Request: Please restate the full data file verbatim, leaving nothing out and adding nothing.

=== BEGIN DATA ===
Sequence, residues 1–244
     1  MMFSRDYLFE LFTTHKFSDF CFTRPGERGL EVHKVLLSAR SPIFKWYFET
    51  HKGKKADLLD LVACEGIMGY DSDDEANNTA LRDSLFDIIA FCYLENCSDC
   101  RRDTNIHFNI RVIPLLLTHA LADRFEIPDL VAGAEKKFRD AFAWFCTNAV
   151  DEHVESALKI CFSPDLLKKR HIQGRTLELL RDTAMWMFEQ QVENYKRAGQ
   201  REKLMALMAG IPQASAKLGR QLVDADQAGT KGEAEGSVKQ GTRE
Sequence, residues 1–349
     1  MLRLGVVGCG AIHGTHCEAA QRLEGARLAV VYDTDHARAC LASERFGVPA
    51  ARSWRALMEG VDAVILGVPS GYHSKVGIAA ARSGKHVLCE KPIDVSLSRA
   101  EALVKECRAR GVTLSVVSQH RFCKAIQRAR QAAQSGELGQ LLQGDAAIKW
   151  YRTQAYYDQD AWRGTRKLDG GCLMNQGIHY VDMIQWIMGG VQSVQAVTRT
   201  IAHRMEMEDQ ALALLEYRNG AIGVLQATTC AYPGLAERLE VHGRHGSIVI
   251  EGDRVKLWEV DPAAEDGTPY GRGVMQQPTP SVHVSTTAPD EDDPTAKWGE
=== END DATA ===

Sequence, residues 1–244
     1  MMFSRDYLFE LFTTHKFSDF CFTRPGERGL EVHKVLLSAR SPIFKWYFET
    51  HKGKKADLLD LVACEGIMGY DSDDEANNTA LRDSLFDIIA FCYLENCSDC
   101  RRDTNIHFNI RVIPLLLTHA LADRFEIPDL VAGAEKKFRD AFAWFCTNAV
   151  DEHVESALKI CFSPDLLKKR HIQGRTLELL RDTAMWMFEQ QVENYKRAGQ
   201  REKLMALMAG IPQASAKLGR QLVDADQAGT KGEAEGSVKQ GTRE
Sequence, residues 1–349
     1  MLRLGVVGCG AIHGTHCEAA QRLEGARLAV VYDTDHARAC LASERFGVPA
    51  ARSWRALMEG VDAVILGVPS GYHSKVGIAA ARSGKHVLCE KPIDVSLSRA
   101  EALVKECRAR GVTLSVVSQH RFCKAIQRAR QAAQSGELGQ LLQGDAAIKW
   151  YRTQAYYDQD AWRGTRKLDG GCLMNQGIHY VDMIQWIMGG VQSVQAVTRT
   201  IAHRMEMEDQ ALALLEYRNG AIGVLQATTC AYPGLAERLE VHGRHGSIVI
   251  EGDRVKLWEV DPAAEDGTPY GRGVMQQPTP SVHVSTTAPD EDDPTAKWGE